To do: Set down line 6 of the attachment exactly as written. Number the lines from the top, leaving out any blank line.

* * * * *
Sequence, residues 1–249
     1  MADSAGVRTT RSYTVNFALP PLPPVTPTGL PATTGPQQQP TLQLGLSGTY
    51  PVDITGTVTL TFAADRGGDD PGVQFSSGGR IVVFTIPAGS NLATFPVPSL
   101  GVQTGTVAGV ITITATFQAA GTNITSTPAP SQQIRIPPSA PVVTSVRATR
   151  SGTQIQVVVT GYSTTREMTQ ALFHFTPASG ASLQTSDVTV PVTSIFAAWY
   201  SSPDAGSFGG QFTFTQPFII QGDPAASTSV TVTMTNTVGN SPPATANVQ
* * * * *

   201  SSPDAGSFGG QFTFTQPFII QGDPAASTSV TVTMTNTVGN SPPATANVQ